City leaders and school representatives are working to secure funding and solidify support that would bring a NCAA-level certified track and field to Pratt.

In 2016, Pratt Community College (PCC) received a million-dollar anonymous challenge grant along with being awarded a $300,000 federal grant to build a brand-new track and field east of Green Sports Complex. This 2018 calendar year marks an important deadline to secure the funding necessary to start the process.

Dr. Michael Calvert, president of Pratt Community College, said the cost for the project is currently at $3.5 million, which would cover the creation of an eight-lane, lit track with an artificial surface field on the inside that has multi-purpose turf. At this point in time, there is about $2 million in pledged grant dollars.

“It would be an NCAA-level certified track,” Calvert said. “So, all high school events, all college events could be run on that with the artificial surface field on the inside—that’s multi-purpose turf that you can use to do about anything. We anticipate that it will be the home of Pratt Community College Soccer Program because we don’t have football, but it doesn’t mean you couldn’t play American football on it, should there be a need.”

Though PCC has taken on the role of fundraising and grant-writing for the project, the track and field would not be owned by the college but rather, would be located on city property where it would be accessible to everyone.

With the ability to serve Pratt Community College, Pratt USD 382 and Skyline USD 438, Calvert said the track and field would have the added benefit of being on the low-maintenance side of things since the track-surface and turf would only need to be replaced once every 10 to 12 years.

Calvert said other maintenance would be minimal, making the project cost-efficient.

The only obstacle in the way is the need to meet the deadline looming at the end of this year.

“We’ve requested and received different levels of support from individuals and also the different entities—the school districts, the city and the county,” Calvert said. “We have the ability to apply for an extension—don’t know that we’re going to, and there’s no guarantee that if you apply you’re going to get it—so, we’re trying to work within this calendar year. We’re excited about it, we’re committed to the project and we see a lot of value.”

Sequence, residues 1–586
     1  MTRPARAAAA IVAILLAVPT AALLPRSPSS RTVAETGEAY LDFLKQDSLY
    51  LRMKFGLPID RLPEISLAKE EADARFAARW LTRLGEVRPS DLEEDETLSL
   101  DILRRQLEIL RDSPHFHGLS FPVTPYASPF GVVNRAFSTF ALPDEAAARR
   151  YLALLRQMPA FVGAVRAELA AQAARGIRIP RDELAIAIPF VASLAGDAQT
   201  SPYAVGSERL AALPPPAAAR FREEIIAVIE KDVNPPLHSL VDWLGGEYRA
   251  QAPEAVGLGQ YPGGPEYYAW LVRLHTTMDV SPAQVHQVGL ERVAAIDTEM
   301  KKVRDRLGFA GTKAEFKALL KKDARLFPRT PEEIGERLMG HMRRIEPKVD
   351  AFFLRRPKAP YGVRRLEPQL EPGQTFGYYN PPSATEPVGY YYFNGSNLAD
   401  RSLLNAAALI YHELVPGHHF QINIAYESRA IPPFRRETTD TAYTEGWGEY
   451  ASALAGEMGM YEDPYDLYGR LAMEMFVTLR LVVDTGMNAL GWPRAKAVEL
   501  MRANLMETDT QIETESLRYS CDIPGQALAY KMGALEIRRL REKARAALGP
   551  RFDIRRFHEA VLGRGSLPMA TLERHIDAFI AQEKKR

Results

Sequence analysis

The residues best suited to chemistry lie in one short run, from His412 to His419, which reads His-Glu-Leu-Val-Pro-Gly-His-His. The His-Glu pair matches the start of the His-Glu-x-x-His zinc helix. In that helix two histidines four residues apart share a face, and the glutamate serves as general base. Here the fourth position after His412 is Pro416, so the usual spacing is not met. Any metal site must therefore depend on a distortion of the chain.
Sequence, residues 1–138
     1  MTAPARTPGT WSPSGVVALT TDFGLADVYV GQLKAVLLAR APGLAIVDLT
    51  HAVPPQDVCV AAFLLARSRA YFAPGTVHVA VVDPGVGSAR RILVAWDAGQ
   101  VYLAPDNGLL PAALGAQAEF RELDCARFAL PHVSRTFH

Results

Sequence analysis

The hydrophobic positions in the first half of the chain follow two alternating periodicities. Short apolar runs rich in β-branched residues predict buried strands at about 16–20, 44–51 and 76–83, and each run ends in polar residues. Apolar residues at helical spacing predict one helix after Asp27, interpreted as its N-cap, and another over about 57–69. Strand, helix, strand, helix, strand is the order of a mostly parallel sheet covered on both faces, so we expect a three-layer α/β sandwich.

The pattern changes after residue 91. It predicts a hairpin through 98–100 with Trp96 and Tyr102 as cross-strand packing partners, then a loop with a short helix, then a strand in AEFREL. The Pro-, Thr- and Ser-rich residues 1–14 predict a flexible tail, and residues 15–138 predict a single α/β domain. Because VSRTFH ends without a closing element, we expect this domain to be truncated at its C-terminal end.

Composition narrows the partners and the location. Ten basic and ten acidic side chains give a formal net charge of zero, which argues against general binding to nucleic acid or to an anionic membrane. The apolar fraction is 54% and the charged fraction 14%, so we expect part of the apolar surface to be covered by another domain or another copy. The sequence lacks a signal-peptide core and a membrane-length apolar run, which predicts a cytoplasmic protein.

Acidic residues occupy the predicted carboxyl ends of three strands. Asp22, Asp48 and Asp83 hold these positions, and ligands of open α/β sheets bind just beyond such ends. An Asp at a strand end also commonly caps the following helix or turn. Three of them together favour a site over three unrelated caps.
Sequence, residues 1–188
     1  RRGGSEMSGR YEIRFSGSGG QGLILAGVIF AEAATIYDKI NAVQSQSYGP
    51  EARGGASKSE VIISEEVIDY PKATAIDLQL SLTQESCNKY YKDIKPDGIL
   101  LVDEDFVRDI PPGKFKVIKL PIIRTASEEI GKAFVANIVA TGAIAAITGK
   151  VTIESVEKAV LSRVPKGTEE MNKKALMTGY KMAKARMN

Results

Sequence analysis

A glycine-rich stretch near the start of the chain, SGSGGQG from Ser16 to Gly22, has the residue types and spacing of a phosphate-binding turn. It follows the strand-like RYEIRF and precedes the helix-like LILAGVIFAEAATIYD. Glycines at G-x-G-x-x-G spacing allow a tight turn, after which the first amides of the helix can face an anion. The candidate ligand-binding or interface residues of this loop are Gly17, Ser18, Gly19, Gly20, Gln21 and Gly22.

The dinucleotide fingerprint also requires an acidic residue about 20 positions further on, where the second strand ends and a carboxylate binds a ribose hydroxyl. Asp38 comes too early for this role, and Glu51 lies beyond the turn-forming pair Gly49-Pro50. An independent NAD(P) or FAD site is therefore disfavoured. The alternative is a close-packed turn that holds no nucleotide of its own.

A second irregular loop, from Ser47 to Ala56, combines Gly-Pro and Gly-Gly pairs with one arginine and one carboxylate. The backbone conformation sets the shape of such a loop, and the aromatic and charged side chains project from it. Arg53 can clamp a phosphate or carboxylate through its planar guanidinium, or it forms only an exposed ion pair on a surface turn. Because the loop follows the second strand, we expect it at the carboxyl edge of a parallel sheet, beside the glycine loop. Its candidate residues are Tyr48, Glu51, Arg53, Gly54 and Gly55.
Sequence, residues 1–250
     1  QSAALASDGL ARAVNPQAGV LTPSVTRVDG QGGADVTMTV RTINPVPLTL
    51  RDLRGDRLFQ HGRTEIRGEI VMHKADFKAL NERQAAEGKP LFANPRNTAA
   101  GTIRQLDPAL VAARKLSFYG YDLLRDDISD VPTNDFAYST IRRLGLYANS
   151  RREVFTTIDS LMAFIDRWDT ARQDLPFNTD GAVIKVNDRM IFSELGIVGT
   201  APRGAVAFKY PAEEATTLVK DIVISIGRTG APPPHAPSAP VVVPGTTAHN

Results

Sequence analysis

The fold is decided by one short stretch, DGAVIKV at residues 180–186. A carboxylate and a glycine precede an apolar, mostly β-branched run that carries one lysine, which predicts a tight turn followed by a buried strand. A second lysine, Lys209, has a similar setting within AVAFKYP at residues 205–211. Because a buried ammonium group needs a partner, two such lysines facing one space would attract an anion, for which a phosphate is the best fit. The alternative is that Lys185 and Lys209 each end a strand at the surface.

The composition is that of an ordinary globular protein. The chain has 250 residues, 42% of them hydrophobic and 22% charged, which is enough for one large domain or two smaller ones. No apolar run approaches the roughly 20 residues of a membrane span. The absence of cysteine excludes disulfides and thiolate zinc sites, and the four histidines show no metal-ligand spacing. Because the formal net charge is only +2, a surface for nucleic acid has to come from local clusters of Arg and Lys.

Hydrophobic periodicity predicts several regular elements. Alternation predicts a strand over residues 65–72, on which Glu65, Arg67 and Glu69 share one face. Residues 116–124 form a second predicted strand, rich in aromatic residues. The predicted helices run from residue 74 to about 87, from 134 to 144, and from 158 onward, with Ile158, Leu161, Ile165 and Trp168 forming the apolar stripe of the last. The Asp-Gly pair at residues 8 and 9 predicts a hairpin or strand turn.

After analyzing economic data on the revenue generated by Green Sports Complex, Calvert said this track and field, like the Green Sports Complex, has major potential to bring even more revenue and prestige to the community.

“At the Green Sports Complex, the baseball and softball fields produce a lot of revenue for the city, directly to the city and also indirectly to the hotels, the restaurants, the shopping that goes on in town,” Calvert said. “The sales tax generated--our tourism board receives revenue from that, and they give dollars out to other events and things like that that go on in Pratt, so we see it as augmenting what is already going on at Green Sports Complex.”


While another $300,000 grant is currently in the works and Calvert said he is very optimistic about it, he said he would be more comfortable beginning construction on the track and field after more funds have been raised.

“This is a community collaborative project,” Calvert said. “PCC has taken it on because I see a need for a track in this community. We don’t have one—we share with USD 382, and they have been gracious to let us do that but they, nor us, can’t host events of any size.”

With upgraded facilities, Calvert said that college recruitment could see an overall boost and the community could see increased revenue.

“We’re over halfway there,” Calvert said. “We like where we’re going but we’d like to get there faster.”

Support from USD 382 and USD 438 has been slow in coming as both school districts juggle budget and benefit issues. Pratt City commissioners went on record that they would not issue any bonds to help finance the project, however they are considering other options of support.